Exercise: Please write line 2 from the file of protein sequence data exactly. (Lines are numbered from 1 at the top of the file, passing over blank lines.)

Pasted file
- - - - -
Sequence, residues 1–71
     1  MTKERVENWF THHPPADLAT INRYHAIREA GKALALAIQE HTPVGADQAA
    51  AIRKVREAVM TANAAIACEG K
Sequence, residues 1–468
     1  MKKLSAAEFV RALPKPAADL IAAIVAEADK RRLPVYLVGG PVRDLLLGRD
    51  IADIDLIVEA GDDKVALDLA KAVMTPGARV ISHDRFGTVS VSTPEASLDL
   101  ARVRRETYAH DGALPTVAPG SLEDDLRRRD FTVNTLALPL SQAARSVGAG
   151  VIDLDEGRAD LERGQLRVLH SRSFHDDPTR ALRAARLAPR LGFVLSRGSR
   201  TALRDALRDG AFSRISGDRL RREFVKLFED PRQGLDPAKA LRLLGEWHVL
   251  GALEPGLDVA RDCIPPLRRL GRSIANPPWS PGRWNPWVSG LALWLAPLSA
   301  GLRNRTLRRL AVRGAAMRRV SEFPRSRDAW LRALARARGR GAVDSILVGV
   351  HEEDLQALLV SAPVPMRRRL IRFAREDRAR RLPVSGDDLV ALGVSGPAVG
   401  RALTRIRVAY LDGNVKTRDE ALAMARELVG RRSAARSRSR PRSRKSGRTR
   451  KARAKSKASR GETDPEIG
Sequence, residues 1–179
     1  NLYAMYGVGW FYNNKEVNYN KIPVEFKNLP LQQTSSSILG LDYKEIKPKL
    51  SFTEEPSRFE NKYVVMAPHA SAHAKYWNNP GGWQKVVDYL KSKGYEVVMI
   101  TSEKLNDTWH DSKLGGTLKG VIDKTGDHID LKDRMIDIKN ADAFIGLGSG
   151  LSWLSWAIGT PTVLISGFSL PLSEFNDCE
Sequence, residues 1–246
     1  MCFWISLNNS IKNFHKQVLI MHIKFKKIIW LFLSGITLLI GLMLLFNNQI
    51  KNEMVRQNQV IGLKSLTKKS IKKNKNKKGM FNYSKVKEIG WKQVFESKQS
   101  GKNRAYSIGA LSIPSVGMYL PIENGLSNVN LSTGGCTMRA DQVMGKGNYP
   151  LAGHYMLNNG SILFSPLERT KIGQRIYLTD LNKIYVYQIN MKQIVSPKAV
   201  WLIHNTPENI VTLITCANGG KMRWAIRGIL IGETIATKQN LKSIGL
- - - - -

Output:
     1  MTKERVENWF THHPPADLAT INRYHAIREA GKALALAIQE HTPVGADQAA